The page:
Skip to main content

Golf program a hit at pediatric hospital

Kevin Corn, Kellye Burks, Cooper Burks
Getty Images

Meet Cooper Burks. A 9-year-old fourth grader, Cooper loves to sing karaoke, is learning to play the guitar and had a blast last summer at acting camp. But his real love is sports.

'He can tell you about any sport and any stats in any sport,' says his mom, Kellye Burks. 'He watches SportsCenter every morning and he reads the sports page every day at home.' Ask Cooper about his favorite sports, teams and athletes and he'll tell you, in complete sentences, that he likes the Atlanta Braves and St. Louis Cardinals, Tennessee Titans and Chicago Bears, and Phil Mickelson and Jason Dufner. That last choice is something of a requirement around the Burks household in Nashville, as Kelly's husband Jeff and several other family members went to Auburn, as did Dufner. 'We are huge War Eagle fans,' she says. 'I was kind of the black sheep of the family and attended Alabama for three years but had to renounce that when I married an Auburn fan.'

Until last year, there was one element missing in Cooper's sports-rich life. He had never actually played baseball, or football, or golf. The reason: He has spent much of his life in a wheelchair.

'Cooper was born with dislocated hips, and to date he's had 17 hip surgeries,' Kellye explains. After being born prematurely, he stopped breathing a couple of times. Doctors aren't certain what caused his condition, but they think he might not have recovered full blood circulation from his waist down after one of his loss-of-breath incidents.

Through all his medical procedures, Cooper has soldiered on. 'He comes out of these horrible surgeries, six and seven hours long, and he's smiling in the recovery room,' Kellye says. And he refuses to let being in a wheelchair limit him. 'Cooper never has an attitude of 'I can't do that.' There aren't many roadblocks that you can put in front of Cooper that are going to stop him.'

Cooper is exactly the sort of kid that golf pro Kevin Corn had in mind in 2010 when he started a golf-as-therapy program at Ranken Jordan, a pediatric hospital in St. Louis. He had seen an article in PGA Magazine about a similar program in Dallas and thought 'Why aren't we doing that here?'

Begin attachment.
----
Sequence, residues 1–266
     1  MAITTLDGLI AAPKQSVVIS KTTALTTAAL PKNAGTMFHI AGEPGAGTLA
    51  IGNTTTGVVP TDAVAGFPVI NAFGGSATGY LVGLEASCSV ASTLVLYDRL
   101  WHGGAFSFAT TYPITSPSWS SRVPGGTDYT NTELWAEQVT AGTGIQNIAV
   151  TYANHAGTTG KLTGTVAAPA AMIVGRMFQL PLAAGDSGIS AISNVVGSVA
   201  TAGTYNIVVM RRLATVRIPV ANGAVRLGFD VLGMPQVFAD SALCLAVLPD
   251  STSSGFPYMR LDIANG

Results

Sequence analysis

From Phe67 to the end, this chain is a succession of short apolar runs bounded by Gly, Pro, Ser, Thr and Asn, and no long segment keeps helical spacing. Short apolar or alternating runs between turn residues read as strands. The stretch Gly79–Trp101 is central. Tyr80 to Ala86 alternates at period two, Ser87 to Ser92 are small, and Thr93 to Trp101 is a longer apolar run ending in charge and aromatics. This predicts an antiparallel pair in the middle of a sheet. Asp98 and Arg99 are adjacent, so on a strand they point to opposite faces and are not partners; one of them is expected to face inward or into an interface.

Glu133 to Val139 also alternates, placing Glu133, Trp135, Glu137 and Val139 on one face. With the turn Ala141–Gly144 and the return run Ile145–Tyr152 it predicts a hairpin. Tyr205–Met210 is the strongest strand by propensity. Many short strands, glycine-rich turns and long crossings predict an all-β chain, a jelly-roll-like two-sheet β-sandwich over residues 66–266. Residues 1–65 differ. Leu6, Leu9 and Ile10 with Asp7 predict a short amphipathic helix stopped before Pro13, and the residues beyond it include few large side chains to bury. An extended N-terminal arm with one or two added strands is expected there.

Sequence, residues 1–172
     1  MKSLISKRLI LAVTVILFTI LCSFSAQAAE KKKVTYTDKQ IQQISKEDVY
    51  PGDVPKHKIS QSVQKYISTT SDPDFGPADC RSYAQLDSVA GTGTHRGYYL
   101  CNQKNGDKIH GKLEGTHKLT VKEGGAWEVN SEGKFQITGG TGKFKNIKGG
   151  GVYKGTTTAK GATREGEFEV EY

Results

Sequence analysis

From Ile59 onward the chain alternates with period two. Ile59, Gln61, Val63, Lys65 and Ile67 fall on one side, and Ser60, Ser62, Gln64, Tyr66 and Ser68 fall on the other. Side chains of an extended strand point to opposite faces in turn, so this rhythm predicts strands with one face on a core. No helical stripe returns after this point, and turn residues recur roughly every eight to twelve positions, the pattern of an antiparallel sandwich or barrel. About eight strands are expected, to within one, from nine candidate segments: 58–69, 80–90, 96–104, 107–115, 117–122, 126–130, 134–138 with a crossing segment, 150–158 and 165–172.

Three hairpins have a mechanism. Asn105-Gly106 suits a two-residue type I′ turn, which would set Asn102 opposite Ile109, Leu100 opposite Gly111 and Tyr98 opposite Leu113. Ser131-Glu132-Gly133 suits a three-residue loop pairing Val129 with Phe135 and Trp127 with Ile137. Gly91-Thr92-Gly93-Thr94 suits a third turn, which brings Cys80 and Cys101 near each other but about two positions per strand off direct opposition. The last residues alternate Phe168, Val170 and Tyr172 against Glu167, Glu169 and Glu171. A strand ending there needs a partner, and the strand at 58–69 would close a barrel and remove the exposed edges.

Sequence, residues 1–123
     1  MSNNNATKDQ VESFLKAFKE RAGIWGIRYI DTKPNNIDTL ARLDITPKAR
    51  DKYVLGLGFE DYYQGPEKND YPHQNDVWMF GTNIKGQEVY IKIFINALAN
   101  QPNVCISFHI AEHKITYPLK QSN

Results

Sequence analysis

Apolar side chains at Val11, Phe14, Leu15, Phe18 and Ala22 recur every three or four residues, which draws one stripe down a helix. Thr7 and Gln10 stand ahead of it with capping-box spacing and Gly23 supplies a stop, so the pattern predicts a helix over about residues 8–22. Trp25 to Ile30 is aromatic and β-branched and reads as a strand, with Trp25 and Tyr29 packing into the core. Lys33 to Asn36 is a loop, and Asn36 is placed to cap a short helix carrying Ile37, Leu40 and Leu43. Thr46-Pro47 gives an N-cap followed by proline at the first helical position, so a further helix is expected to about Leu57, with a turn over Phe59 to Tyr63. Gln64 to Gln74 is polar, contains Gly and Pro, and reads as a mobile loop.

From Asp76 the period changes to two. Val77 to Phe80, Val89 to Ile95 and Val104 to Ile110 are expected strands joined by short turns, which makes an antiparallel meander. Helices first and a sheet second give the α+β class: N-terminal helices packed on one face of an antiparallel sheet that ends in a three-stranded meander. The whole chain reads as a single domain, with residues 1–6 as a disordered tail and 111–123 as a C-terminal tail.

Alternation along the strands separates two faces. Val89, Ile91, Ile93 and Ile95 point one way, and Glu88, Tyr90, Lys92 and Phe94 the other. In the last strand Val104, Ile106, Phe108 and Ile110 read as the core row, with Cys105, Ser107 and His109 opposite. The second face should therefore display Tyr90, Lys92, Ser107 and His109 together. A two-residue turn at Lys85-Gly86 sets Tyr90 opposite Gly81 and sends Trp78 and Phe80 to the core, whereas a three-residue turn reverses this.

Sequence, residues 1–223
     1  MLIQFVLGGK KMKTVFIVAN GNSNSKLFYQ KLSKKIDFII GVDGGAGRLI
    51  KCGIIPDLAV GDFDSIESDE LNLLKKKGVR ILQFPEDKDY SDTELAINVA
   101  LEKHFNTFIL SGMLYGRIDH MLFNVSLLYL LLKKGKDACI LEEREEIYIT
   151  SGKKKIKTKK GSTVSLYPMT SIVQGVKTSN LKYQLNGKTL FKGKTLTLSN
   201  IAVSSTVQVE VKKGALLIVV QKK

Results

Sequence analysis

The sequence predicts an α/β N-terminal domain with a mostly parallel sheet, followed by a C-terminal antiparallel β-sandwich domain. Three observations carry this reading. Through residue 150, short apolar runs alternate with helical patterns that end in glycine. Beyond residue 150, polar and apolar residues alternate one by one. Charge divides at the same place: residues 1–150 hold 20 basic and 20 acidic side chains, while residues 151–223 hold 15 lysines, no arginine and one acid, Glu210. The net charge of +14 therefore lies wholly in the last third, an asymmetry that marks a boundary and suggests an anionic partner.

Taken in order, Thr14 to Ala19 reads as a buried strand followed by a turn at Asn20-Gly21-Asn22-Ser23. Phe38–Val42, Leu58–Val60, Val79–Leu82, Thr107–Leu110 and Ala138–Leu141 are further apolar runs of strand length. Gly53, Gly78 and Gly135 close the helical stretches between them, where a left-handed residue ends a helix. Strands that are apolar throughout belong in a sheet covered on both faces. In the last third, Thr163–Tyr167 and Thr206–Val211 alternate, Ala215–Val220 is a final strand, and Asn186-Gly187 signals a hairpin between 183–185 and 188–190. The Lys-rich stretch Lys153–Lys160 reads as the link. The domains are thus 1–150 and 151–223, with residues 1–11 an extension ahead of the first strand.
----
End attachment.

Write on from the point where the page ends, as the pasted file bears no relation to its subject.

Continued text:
Corn, currently a teaching pro at Oak Brook Golf Club near Edwardsville, Ill., pitched the program to the Gateway PGA Section, of which he is a member. As executive director Josh Riley recalls it, Corn told section representatives he had just taken a tour of Ranken Jordan and said he felt he was being 'called' to do something there.

The section reps were equally impressed after taking their own tour. 'You'd have a kid who was in a wheelchair who played competitive basketball, who had complete use of his arms, he's just as competitive as can be, and he's whacking that (golf) ball, hitting it great,' Riley recalls. 'And then there were kids that you could tell had seriously debilitating illnesses, who had very little use of their hands and arms, but you put your hands on their hands and help them swing that club and you look over and they've got a smile that's just as big as that kid who's competitive.

'Those kids' whole lives are built around the schedule of rehabilitation. When they get to go outside, which isn't often, they really cherish it, and then when they get to see that they can actually do a sport that they probably either in their own mind can't or someone has told them that they can't, it makes it that much better.

'But the common denominator in any successful program is always, No. 1, a really dedicated PGA professional. And that's Kevin, no doubt about it.'

THE SECTION, through its charitable foundation, agreed to donate all the necessary equipment, 'So the program hasn't cost the hospital a penny,' says Corn, who won the section's annual 'Junior Golf Leader' award for 2013. 'They've been incredibly supportive; the only questions they've ever asked are 'What can we do? What do you need?''

Although Corn chose Ranken Jordan, one of two St. Louis facilities ranked among the nation's best children's hospitals by U.S. News & World Report, he could have chosen virtually any other of the city's five pediatric hospitals. 'It's amazing the level and quality of medical care that we have here in this city,' he says.              

Ranken Jordan's website explains that it is 'one of only a handful of hospitals in the country that provide rehabilitation and subacute medical treatment for children regardless of their family’s ability to pay. ... For children with complex medical conditions such as brain injuries, congenital defects or complications due to premature birth, Ranken Jordan specializes in bridging the gap between traditional hospital treatment and going home.'

Corn's goal was to provide a physical activity the kids could do to some degree no matter their physical limitations. Some of them were convinced that because they were in a wheelchair, or had to use a walker, participating in a sport was out of the question. But Corn and a group of volunteers wouldn't take no for an answer. They concentrated on what the kids could do, not what they couldn't. One boy came to a session in his hospital bed, where he was restricted to lying on his stomach. With his arms dangling over the edge, he was given a putter and, Corn recalls with a chuckle, 'putted better than I do.'

'I tell people I've seen a lot of miracles through our golf program,' says Janine Roe, Ranken Jordan's community program director.